The Egyptian government has stepped up a campaign to influence the message preachers deliver in mosques.

    A report by Reuters news agency said the state had given licenses to more than 17,000 clerics to give Friday sermons in order to curb suspected Muslim Brotherhood influence in places of worship.

    The military-appointed interim government has been trying to bring mosques under tighter control since the overthrow of former President Mohamed Morsi last July.

    All of the newly-approved clerics had been trained at Al Azhar University, which a government statement said is a respected centre of Sunni Islamic learning and insitutions run by the ministry of religious endowments.

    The statement added that the move would "strengthen" the ministry's supervision of mosques so that they would not "fall in to the hands of extremists and the unqualified".

    Around 12,000 clerics not approved by the state have been removed from service and the minister of religious endowments said he aims to bar 55,000 unlicensed preachers.


  • الأمن يطلق قنابل غاز وخرطوش على طلاب كلية طب بالقصر العيني
    by AlMasry AlYoum via YouTube

    This video uploaded to Youtube by privately owned Egyptian newspaper Al Masry Al Youm is said to show Egyptian forces firing tear gas and birdshot at protesters outside Cairo University.
  • Al Badil newspaper, a Cairo-based private-owned publication, reported on Wednesday that members of presidential hopeful Abdel Fattah's el-Sisi's electoral campaign will launch a party called "Democratic Dawn" in support of the former defence minister and the country's army. 
  • An Egyptian appeals court rejected Wednesday a request that new judges be appointed for two trials involving ousted Islamist president Mohamed Morsi, judicial officials said.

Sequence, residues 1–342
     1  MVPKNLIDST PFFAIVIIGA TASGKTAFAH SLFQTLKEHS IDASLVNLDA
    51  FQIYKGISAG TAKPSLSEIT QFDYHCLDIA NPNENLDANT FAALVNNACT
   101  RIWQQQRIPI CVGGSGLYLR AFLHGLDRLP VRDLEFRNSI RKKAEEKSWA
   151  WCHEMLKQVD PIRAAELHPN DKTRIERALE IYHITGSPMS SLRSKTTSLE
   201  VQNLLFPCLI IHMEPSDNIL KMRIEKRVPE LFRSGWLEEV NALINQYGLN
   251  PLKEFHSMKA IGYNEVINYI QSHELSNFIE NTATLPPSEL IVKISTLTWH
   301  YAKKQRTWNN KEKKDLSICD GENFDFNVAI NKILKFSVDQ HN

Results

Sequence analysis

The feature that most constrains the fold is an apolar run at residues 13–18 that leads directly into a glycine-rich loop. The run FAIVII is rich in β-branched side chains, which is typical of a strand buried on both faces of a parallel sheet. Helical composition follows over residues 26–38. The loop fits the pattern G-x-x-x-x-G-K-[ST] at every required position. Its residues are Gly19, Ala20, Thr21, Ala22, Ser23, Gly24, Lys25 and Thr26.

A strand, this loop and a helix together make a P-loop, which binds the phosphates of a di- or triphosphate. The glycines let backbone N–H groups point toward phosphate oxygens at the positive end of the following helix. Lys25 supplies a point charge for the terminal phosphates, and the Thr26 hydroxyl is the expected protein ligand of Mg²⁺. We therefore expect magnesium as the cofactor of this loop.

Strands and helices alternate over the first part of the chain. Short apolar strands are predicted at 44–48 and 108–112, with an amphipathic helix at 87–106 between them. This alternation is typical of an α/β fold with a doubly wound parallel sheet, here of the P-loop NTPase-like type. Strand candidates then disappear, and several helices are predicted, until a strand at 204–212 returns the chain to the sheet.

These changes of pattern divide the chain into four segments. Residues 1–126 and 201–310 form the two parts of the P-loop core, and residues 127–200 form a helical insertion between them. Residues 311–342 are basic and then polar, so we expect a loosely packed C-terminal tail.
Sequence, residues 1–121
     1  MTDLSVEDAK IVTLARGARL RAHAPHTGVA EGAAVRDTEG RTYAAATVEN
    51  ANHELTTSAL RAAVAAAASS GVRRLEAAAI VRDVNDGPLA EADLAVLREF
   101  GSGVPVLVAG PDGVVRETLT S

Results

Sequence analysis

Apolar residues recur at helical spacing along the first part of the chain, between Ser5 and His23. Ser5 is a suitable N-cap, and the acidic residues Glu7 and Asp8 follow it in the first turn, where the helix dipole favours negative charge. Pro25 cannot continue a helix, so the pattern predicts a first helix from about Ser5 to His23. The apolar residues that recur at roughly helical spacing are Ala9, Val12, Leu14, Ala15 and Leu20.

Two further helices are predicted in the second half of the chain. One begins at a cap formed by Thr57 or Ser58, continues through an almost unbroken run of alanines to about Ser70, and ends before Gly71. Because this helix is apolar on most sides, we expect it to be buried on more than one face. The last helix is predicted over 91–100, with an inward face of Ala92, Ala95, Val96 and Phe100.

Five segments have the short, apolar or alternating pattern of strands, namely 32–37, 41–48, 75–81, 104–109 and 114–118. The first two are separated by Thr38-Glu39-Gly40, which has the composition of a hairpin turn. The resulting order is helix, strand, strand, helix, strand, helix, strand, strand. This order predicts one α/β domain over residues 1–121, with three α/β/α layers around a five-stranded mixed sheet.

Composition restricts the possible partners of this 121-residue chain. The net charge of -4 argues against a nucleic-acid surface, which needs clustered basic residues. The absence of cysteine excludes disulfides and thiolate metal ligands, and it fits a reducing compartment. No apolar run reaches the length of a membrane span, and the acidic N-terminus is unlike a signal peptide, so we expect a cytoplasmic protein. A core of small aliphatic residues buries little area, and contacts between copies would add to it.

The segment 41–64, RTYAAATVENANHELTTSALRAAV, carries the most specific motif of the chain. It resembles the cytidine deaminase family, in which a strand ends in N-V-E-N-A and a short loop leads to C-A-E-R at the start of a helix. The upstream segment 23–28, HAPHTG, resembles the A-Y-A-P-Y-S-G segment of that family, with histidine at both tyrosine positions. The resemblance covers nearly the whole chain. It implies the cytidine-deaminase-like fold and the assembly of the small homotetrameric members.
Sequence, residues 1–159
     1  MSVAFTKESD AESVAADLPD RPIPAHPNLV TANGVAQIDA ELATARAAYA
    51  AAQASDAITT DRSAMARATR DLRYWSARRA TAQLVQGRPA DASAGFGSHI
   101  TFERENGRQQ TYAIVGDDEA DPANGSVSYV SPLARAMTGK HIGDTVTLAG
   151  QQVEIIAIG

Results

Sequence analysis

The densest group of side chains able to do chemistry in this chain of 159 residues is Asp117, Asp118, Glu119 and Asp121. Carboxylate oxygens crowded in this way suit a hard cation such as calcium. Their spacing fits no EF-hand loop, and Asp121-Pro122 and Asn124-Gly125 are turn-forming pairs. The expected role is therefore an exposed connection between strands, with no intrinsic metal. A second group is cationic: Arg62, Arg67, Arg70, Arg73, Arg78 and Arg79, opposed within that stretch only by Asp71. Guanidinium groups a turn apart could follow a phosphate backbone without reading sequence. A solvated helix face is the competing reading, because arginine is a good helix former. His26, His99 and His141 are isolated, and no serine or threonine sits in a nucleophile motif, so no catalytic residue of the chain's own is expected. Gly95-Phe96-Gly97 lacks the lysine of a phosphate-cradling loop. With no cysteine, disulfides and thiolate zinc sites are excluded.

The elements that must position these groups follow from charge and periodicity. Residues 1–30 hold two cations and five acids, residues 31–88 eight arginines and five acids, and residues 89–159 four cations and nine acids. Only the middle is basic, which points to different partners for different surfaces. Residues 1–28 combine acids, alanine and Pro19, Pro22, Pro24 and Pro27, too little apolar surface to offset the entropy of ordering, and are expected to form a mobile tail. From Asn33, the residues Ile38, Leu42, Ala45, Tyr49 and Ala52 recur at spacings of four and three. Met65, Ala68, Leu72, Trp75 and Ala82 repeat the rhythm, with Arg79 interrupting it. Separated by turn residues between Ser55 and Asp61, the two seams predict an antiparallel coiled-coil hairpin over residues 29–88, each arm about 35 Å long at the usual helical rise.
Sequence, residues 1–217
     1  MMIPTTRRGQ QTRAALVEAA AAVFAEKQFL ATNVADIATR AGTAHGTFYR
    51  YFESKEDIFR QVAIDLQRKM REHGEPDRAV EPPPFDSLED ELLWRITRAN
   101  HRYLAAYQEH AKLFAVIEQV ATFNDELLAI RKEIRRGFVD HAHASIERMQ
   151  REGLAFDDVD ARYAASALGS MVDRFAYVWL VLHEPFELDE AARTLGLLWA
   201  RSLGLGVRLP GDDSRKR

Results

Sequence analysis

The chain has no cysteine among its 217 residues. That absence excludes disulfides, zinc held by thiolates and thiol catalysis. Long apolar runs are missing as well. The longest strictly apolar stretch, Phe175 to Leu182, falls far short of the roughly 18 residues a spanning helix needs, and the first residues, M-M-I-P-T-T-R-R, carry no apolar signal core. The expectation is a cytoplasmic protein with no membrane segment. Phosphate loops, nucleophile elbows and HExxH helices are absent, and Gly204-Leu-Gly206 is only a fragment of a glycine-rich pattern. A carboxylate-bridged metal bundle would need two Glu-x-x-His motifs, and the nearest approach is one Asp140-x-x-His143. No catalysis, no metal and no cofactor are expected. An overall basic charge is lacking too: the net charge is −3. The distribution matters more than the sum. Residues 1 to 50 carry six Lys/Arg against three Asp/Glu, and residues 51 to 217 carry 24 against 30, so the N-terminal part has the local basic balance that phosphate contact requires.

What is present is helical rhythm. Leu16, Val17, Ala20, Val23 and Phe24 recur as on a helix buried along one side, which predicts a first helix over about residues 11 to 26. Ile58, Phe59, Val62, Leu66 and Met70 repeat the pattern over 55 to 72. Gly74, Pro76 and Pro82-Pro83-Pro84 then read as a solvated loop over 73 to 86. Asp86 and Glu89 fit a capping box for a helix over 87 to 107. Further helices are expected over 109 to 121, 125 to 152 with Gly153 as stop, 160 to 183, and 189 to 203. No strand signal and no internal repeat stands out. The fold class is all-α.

The trials are part of a sweeping crackdown waged against Morsi and his
    Muslim Brotherhood since the army overthrew him in July, and the former president could face the death penalty if convicted.

    The court is now expected to set a date for the resumption of each of the two trials involving jailbreak and espionage charges, the officials said.

    Defence lawyers had requested that a new panel of judges examine both cases
    involving Morsi and Brotherhood figures, complaining about a soundproof glass cage in which the accused are held when the court is in session. [AFP]
  • Egypt's private-run newspaper Egypt Independent reported on Wednesday that the cabinet will submit the new counter-terrorism draft law to the president for approval after it has been revised by the state council.

    According to the publication, the draft bill's 86th article defines the  terrorist act as the use of force, violence, threats, or intimidation in order to disturb public order or endanger the safety, interests and security of the society, harming individuals, intimidating them, putting their lives, freedoms or security at risk, harming the national security, harming the environment, monuments, natural resources, money, buildings, public and private properties, occupying or seizing public and private properties, hindering the work of, activities or some of the activities of public authorities, judicial bodies, local units, houses of worship, hospitals, education institutions and institutes, regional and international bodies in Egypt, and diplomatic and consular missions.
  • #اعتصام_الاتحادية #الان #الحرية_لاحمد_دومة #الحرية_للجدعان #الاتحادية
    يسقط يسقط حكم العسكر ،، يسقط كل كلاب العسكر
    by badawypepo via Instagram
    Instagram user badawpepo posted an image which he alleges was taken at a sit-in called for on Monday after a court rejected an appeal by prominent activists Ahmed Douma, Ahmed Maher and Mohamed Adel, endorsing a previous verdict of three years in jail for each.
  • Pictures circulated social media, especially twitter, of alleged sit-in against the anti-protest law and release of prominent activists detained because of it.

  • An Egyptian appeals court on Monday upheld convictions and three-year prison sentences handed down to three of the country's most prominent political activists, a ruling that is likely to revive opposition to a draconian protest law they were accused of violating.

    It is also certain to deepen the rift between Egypt's liberal and secular